Tulum Ruins, Playa de México One of the main beaches to explore is the “secret beach” below the ruins. Also known as “Playa Ruinas”, it's very easy to overlook this protected beach, hidden by the surrounding cliffs and ruins. The paradise you see here is Tulum Ruins Beach. This impressive little corner of the Earth is located in the ruins of Tulum, which are located within the Tulum National Park.
It has one main public beach, Playa Paraiso. It is one of the most beautiful beaches in Mexico and attracts thousands of visitors every year. While Playa Paraiso is quite popular, it's not as crowded as Playa Ruinas. You can access Tulum Ruins Beach via a wooden staircase.
The beach is open from 10 in the morning and is relatively empty until 11 in the morning. I recommend going as soon as possible, as it's crowded. In terms of food, the cities of Tulum offer a wide variety of foods, from elegant spots like Unico to numerous affordable taco stands that line the main avenue. Tulum is famous for its beautiful beaches, but there are plenty of other amazing things to do in Tulum and the surrounding state of Quintana Roo, Mexico.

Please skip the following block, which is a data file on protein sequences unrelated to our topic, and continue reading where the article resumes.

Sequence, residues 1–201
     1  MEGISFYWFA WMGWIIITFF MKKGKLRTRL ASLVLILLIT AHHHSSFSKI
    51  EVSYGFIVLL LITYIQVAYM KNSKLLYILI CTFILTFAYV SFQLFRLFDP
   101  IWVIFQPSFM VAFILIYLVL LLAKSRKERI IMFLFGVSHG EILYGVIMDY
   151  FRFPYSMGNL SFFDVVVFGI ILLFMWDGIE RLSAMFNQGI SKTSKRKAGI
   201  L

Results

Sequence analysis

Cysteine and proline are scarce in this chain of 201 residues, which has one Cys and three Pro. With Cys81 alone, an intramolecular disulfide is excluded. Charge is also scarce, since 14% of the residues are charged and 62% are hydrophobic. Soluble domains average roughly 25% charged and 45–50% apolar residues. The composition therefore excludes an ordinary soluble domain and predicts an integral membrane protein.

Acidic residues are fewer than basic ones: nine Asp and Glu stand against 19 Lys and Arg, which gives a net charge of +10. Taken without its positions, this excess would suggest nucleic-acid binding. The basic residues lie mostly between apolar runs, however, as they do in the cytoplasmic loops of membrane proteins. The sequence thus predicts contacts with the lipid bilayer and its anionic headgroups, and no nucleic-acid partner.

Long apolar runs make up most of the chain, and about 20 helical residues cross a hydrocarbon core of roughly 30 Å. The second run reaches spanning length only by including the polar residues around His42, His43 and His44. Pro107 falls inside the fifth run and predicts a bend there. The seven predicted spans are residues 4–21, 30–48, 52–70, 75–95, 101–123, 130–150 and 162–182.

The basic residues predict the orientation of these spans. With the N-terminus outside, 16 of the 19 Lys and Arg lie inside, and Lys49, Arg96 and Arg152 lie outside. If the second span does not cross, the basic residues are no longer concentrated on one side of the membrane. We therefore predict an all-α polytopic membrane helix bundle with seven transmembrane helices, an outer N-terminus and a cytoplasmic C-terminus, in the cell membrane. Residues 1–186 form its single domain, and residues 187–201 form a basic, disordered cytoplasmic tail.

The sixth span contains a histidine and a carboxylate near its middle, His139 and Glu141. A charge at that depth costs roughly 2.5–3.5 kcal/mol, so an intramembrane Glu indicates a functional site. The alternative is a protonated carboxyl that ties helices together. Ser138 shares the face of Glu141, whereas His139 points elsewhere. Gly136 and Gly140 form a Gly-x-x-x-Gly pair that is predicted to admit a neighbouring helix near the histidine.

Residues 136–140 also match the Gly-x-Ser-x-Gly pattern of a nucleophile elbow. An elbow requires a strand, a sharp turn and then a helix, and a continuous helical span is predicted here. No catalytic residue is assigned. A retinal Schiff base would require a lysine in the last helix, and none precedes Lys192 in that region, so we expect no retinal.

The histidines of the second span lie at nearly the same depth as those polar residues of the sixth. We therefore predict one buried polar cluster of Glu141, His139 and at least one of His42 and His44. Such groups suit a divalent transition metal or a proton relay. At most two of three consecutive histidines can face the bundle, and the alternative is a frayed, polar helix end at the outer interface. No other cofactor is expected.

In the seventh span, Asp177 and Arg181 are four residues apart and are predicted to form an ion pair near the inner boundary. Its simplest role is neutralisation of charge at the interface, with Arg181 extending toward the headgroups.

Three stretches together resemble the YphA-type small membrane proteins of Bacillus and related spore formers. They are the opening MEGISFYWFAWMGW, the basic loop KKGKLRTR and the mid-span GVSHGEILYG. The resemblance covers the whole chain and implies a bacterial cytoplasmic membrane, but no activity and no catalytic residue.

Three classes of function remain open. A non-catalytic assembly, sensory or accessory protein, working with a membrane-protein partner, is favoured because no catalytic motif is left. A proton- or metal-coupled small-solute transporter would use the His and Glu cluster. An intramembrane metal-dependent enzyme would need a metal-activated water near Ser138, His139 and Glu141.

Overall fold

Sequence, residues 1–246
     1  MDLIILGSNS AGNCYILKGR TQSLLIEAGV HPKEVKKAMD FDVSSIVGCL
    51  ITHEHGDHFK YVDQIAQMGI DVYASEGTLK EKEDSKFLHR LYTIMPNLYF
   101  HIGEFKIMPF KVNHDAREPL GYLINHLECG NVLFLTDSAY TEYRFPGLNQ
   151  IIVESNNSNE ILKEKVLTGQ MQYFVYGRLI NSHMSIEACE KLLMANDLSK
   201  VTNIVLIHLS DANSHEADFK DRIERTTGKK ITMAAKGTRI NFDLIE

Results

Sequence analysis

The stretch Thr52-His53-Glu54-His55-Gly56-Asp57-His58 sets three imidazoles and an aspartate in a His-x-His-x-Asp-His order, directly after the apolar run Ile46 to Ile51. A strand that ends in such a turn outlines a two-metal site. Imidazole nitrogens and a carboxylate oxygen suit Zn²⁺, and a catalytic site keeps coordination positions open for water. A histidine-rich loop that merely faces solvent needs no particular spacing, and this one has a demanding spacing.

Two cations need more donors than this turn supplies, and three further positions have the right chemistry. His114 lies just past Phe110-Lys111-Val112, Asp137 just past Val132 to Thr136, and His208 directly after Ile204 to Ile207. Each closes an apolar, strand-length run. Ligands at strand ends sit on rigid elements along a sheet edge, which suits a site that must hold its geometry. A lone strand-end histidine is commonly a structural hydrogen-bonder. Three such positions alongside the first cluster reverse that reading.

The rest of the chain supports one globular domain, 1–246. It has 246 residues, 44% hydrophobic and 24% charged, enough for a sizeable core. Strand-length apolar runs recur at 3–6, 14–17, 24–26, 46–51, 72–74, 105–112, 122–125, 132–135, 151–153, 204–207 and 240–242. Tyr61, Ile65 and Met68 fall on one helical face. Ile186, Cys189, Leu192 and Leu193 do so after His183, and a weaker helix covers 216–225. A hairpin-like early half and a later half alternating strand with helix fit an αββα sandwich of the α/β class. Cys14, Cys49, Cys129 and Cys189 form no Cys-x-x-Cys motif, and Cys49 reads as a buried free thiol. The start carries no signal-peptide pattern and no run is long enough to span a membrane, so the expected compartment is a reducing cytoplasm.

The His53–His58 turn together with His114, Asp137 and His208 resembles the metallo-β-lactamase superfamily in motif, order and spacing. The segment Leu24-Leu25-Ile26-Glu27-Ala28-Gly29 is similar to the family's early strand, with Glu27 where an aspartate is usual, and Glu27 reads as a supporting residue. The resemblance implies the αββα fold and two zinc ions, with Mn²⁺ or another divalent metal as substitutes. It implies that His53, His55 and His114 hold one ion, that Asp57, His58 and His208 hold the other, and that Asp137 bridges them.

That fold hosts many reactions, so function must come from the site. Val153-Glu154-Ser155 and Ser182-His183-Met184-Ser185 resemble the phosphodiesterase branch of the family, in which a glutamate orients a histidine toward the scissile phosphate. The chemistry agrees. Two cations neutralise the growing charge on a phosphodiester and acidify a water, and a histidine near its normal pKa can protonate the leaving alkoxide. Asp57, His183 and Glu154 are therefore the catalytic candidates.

While there are great beaches in Tulum, there are other fantastic beaches in the Tulum metropolitan area. Right in front of El Castillo, the Temple of the Frescos is one of the best preserved and most spectacular buildings in the Tulum ruins. Some tours also have the option of visiting other places that are close to Tulum, such as the Gran Cenote. The sand is still excellent and the water is beautiful, although in my opinion it is not as beautiful as the beaches in the north of Tulum.
Tulum's beaches stretch for miles with silky-soft white sand and the beautiful turquoise waters of the Caribbean Sea. Playa Ruinas is located under the spectacular cliffs of the Tulum ruins, lined by dozens of palm trees and white, silky sand that dominate the crystal clear waters of the Caribbean. The trip to the Tulum ruins from Cancun airport takes around an hour and a half and costs around 1700 pesos (~ 90 USD). Most importantly, since getting drinking water in Tulum often requires disposable plastic bottles that ruin Tulum's beach, consider carrying a LifeStraw filtration system: it's a simple bottle that filters your drinking water as you go, and it's a way to do your part to save Tulum's environment from overtourism.
The Selina Tulum hostel offers beachfront accommodation with just about every comfort you could ask for, from free self-service parking to free Wi-Fi, food and drink. Taxis are almost everywhere in Playa del Carmen, and just about everyone knows how to get to the ruins of Tulum. Take a tour: If you're like me and prefer the convenience of having all the logistics done for you, booking a tour from Playa del Carmen to the Tulum ruins is a great option for you. On the South Beach, most parking is now controlled by resorts and restaurants, but there are also private lots that charge around 200 pesos a day.
From Puerto Morelos to the ruins of Tulum there are approximately 95 kilometers (59 miles) through Cancun and Akumal on Highway 307.